Tuesday, November 16, 2010

Crooked Letter, Crooked Letter

Carl, Cecil, Cindy, Chabot, Cane Creek, Charles, Colin, Clyde.  I was so confused at first keeping all these C names straight!  But, I did and I'm glad!  It took me awhile to get into this book not only because of the names but because I had difficulty getting a feel for the characters.  I felt like I had sunglasses on in the house.  I could see but not well.

The writing is what kept me reading, though.  Spare and beautiful.  Every description creative and unique.  The dialogue spot-on Southern.

And then I got into the story and couldn't stop reading.  Larry Ott has been ostracized for 25 years because he was considered the main suspect in the disappearance of Cindy Walker.  No body or evidence was ever found so he was never formally charged.  However, in the eyes of his neighbors, he was guilty.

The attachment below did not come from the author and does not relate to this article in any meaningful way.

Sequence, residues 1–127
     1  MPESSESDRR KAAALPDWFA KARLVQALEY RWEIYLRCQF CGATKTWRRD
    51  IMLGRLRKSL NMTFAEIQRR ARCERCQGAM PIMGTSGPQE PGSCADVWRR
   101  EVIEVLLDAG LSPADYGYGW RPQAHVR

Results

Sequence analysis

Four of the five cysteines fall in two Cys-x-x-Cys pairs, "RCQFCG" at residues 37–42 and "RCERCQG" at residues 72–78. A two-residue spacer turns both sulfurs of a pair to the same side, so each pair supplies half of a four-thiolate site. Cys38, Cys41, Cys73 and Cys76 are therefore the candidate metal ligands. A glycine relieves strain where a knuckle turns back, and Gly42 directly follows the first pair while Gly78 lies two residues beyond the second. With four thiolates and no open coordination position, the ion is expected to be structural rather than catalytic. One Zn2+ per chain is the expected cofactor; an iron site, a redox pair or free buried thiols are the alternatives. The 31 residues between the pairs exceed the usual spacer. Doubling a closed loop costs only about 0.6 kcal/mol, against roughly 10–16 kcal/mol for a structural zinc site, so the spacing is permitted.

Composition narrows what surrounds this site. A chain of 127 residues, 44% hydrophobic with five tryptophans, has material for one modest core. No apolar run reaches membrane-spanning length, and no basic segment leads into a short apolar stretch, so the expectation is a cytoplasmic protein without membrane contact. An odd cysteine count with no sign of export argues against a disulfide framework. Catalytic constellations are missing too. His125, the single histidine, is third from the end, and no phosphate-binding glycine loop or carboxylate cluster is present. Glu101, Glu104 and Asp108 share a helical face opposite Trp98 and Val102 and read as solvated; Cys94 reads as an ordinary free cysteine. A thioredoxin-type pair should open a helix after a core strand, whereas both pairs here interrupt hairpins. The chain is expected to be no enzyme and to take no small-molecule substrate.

Silas Jones is a black police officer (the only officer, in fact) in the small Mississippi town where this story takes place.  As a child, he was friends with Larry for a brief time.  Now, another girl has disappeared and, of course, Larry is the first person everyone thinks of. 

In poignant flashbacks Larry's and Silas's stories are revealed and the intertwining of their lives becomes obvious.  I didn't much care for either of them at the beginning but, by the time the story ended, I was a fan.

And those C names?  They all became clear.


Literary Feline said...

I am looking forward to reading this one. I am glad it got better for you as you went. All those C names would probably confuse me too at first!

Canada said...

Other reviewers have written a lot about the story, the characters et al. I just want to say that from the minute I started reading "Crooked Letter, Crooked Letter", I could not put it down. We were on vacation, I started the book on our last day there, and I didn't want to stop to go to dinner. But I had to. I read until I fell asleep that night. And on the plane the next day I did not take my nose out of it. Every time my husband tried to talk to me, I just said, "Shhhhh!" and read until I was done. He understood; he read it first and loved it, too. What a great writer, and what an amazing story.